It has been this parent’s hope that our children become good world citizens. A hope that they become civic minded and motivated to help those in crisis. That they see a need in the world or even in their own neighborhood and lend a hand. That they are kind to those less fortunate. I believe this is an attitude that can only be taught by to them by their parents. And so the buck stops with me.
My children and the children of my friends and family have lived privileged lives. They have had food and shelter and access to good education and many opportunities. This makes me grateful in the face of the current events in the world. Right now one of the largest human migrations in history is happening as people flee Syria for safety in Europe. The magnitude of this event continues to stagger me. In every parent’s face I see desperation and fear and their hope to bring their little ones out of a nightmare and reclaim a home and normalcy.
I am so fortunate. I do not know the panic of taking what I can from a destroyed home and bundling my children into a rocky boat for a harrowing ride to a place where we could be turned away by border guards or unsympathetic people. I cannot imagine hiding with my little ones in some flimsy shelter as scud missiles destroy our neighborhood. I can watch from afar as children are arrested and jailed for throwing stones or just for being the wrong religion or ethnic group. I can sip my glass of wine as I watch the images of displaced families trying to find a home.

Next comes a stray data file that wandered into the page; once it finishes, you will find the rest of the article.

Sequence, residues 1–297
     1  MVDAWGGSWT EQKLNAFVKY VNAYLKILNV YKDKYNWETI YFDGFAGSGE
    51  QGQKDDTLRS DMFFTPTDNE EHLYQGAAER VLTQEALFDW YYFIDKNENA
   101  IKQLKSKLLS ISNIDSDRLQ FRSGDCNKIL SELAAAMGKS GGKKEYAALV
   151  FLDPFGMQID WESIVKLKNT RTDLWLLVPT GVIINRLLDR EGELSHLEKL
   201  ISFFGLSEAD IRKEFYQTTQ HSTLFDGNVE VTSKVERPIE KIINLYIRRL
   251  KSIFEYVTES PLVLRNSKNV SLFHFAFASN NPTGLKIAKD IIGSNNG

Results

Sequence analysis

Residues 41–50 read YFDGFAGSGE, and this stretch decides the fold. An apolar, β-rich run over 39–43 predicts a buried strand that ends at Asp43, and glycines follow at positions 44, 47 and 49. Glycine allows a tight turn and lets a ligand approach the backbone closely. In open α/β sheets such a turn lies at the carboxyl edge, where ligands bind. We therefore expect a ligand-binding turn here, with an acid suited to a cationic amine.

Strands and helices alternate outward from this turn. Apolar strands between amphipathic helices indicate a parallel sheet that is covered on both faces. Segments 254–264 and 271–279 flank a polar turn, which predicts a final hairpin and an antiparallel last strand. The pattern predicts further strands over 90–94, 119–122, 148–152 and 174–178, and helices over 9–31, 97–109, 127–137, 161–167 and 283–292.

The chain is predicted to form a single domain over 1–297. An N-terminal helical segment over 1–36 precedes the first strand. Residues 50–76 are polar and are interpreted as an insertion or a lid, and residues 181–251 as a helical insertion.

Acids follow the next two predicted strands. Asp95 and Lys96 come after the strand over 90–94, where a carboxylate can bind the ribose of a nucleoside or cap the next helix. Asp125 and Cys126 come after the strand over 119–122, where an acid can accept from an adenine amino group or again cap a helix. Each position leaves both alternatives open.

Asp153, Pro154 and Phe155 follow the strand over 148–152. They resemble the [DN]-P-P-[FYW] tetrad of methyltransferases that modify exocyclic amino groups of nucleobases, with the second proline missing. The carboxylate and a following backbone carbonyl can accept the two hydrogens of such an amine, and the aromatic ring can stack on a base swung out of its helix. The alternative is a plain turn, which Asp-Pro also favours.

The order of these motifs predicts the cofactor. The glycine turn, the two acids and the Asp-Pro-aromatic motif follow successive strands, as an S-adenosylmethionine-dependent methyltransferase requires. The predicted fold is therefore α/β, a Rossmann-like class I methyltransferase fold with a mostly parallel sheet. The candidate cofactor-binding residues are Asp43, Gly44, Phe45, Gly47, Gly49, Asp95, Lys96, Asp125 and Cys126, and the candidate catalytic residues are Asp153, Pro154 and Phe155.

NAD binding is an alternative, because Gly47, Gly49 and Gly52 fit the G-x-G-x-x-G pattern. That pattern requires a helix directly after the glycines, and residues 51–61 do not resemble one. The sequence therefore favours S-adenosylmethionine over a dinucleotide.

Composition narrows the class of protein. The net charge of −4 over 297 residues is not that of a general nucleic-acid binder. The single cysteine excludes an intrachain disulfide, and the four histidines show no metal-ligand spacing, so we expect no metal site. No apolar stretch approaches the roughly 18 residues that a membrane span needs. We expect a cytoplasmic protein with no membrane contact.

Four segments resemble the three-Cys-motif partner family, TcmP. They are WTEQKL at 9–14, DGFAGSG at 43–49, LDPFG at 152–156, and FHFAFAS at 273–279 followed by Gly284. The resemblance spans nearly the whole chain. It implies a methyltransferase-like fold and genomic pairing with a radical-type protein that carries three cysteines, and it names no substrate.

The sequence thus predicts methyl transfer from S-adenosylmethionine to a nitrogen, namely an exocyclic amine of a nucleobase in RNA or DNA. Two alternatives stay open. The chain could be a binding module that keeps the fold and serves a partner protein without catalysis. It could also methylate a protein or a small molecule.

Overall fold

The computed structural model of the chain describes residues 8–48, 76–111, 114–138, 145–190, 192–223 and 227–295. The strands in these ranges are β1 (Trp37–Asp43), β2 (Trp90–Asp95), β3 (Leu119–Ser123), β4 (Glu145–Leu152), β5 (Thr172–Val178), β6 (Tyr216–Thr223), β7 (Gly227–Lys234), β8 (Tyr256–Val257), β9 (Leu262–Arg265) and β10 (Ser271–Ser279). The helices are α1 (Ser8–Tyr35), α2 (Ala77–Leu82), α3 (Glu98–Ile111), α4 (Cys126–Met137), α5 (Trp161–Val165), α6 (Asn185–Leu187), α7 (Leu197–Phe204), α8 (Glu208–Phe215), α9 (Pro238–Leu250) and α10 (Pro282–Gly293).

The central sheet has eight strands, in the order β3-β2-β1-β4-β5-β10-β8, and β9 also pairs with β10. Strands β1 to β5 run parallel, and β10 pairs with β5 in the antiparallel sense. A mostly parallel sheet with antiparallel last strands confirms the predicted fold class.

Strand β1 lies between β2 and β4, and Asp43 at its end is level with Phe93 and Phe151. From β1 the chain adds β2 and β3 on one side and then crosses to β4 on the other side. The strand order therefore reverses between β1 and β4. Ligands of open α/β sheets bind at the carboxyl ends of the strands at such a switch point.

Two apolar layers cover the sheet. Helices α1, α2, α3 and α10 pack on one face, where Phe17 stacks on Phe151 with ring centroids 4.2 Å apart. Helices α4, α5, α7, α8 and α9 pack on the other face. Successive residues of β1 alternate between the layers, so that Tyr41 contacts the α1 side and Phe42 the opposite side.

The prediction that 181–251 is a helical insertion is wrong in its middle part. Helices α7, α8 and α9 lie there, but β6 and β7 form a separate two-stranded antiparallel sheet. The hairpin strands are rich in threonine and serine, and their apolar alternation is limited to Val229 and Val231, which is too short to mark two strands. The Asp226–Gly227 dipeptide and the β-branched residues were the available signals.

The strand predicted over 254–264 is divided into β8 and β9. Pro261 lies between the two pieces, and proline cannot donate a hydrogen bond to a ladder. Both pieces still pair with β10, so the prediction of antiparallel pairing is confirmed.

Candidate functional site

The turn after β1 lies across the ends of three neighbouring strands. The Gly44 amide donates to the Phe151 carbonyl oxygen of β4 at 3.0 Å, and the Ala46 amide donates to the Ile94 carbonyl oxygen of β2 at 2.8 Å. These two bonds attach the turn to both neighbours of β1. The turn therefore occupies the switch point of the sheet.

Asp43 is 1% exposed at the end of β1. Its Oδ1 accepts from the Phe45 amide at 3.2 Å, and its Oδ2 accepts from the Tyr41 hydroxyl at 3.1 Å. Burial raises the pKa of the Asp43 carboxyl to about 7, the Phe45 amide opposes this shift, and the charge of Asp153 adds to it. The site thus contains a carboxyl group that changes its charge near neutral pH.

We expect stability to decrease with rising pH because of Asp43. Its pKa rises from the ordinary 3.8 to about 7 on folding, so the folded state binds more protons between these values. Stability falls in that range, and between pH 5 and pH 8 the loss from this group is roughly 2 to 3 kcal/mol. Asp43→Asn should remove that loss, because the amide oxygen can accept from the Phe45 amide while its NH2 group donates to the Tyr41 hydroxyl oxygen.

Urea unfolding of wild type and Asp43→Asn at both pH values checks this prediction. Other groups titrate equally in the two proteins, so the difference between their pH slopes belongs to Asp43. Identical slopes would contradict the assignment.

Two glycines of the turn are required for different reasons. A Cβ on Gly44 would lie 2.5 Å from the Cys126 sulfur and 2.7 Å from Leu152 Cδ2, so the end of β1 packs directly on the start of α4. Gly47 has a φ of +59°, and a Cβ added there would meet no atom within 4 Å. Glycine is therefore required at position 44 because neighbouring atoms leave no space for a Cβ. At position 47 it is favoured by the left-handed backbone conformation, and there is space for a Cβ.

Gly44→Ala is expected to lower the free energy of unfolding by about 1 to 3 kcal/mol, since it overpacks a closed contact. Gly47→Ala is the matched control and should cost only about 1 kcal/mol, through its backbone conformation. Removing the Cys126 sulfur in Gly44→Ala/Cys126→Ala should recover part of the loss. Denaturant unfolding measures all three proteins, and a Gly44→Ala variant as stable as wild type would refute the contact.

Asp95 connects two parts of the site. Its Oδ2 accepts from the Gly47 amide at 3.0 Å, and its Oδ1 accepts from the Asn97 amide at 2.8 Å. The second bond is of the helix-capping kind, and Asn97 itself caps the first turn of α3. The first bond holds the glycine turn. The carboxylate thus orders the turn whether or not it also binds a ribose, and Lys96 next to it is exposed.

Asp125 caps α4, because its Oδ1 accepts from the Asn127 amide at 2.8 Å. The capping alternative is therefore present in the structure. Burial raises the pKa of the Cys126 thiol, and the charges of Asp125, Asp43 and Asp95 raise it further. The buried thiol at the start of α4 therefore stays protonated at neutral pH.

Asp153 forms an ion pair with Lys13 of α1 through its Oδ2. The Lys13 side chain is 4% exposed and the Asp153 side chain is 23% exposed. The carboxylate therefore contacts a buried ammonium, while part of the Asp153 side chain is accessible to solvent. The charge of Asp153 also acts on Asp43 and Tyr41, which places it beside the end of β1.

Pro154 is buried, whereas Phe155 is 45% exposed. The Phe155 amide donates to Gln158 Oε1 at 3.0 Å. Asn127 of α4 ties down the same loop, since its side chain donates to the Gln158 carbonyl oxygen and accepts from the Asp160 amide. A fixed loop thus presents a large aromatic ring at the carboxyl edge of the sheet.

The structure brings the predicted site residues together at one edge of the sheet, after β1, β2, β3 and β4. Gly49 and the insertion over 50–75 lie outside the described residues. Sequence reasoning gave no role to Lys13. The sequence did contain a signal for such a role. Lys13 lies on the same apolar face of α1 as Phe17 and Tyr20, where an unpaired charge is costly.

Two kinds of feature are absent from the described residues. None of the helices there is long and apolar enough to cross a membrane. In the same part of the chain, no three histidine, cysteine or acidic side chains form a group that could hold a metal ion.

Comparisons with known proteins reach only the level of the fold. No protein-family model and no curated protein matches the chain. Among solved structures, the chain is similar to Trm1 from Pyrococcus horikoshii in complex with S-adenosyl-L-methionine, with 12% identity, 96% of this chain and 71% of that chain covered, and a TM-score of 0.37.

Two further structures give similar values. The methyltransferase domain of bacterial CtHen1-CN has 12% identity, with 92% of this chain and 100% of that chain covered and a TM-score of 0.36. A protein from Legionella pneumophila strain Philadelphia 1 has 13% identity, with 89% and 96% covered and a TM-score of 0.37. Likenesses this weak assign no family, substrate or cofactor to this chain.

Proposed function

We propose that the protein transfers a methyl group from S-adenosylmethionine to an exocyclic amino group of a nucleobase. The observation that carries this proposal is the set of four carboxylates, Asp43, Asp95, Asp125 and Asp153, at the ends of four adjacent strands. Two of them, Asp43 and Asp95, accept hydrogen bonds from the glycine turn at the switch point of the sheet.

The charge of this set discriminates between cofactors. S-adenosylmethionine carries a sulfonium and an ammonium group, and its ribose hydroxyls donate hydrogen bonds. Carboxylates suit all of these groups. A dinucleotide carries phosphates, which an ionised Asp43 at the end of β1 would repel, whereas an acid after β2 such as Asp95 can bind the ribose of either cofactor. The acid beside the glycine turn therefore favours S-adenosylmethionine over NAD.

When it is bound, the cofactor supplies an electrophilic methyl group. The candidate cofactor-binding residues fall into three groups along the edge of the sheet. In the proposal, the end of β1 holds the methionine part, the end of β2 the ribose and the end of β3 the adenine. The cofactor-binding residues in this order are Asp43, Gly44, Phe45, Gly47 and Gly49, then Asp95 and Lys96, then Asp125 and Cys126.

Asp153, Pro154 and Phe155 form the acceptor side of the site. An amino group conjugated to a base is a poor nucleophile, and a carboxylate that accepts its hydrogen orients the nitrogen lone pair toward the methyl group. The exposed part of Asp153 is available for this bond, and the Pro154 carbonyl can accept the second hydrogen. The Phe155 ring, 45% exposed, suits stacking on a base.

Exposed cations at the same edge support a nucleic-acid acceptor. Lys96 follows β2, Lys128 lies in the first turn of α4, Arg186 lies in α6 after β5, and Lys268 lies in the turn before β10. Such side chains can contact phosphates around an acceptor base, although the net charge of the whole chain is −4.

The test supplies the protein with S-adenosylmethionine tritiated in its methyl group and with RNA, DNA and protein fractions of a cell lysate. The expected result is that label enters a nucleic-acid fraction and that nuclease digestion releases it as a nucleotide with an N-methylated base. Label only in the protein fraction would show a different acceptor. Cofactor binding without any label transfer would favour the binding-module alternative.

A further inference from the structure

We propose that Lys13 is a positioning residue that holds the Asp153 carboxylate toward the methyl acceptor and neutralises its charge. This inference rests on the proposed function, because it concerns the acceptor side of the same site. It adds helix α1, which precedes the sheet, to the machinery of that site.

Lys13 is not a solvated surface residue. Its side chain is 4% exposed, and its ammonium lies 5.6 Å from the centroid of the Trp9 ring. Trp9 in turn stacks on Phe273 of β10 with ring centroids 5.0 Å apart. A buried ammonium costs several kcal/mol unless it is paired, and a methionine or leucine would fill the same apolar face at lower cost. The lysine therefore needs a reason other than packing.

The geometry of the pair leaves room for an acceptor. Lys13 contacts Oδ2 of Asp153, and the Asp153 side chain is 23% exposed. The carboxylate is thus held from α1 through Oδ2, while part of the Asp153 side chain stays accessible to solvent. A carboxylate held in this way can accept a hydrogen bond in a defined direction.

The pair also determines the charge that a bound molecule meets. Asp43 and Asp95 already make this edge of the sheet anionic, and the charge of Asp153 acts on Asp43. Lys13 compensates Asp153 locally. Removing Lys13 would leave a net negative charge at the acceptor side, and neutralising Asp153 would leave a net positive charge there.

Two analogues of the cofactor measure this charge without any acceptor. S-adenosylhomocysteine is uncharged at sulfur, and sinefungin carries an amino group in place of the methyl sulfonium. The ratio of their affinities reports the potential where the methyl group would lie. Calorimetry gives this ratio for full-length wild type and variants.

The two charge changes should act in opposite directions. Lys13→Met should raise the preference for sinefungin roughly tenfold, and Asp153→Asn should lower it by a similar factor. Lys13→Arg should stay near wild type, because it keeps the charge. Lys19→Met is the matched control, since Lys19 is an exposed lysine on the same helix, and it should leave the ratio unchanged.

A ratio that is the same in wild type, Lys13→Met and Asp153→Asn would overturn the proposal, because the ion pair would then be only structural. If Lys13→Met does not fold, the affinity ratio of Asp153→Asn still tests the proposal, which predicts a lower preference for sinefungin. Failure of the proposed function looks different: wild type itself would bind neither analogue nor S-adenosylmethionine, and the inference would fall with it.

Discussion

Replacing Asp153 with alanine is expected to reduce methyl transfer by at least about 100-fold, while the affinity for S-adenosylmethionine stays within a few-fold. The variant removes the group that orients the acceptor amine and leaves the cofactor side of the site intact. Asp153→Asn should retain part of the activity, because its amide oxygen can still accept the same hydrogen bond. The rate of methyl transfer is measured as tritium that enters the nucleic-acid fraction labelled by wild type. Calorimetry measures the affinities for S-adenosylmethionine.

The problems I have faced I consider first world problems. What time is dance practice? Can I make the music recital? What should we have for dinner? Do I have to go to the grocery store again even though this grocery store is filled to the roof with goods and food and choices beyond any imagining? I can take for granted that there is a full grocery store, or a gas station to refill my car or electricity and heat in my home.
I’m not suggesting that anyone has an easy life. Everyone I know has suffered tragedy, heartbreak, sadness and despair. My little family has dealt with the devastating fear of a life threatening childhood diagnosis and months of hospitals and medicines and sleepless nights. But we have had access to world-class hospitals; Harvard trained doctors, cutting edge medications and were blessed with health and survival.
The parents we see running through the fields and along the train tracks are not so lucky.
What do we teach our children about the trouble of the world and how they can help? How do you not make them feel guilty for their great blessings but rather have them see that they have the power to make a change? I believe the truth to be by our example only. Compassion cannot be taught with words. Righteous anger at human injustices cannot be learned from a book.
Mahatma Gandhi said “Be the change you want to see in the world”.
In this age of great connections through technology it is possible to assume I can understand the pain those fleeing parents feel. But I truly cannot. I just try to keep courage and compassion in my own heart and hope that the rippling effects of those emotions can somehow reach them. And then look to my own neighborhood to see where I can help.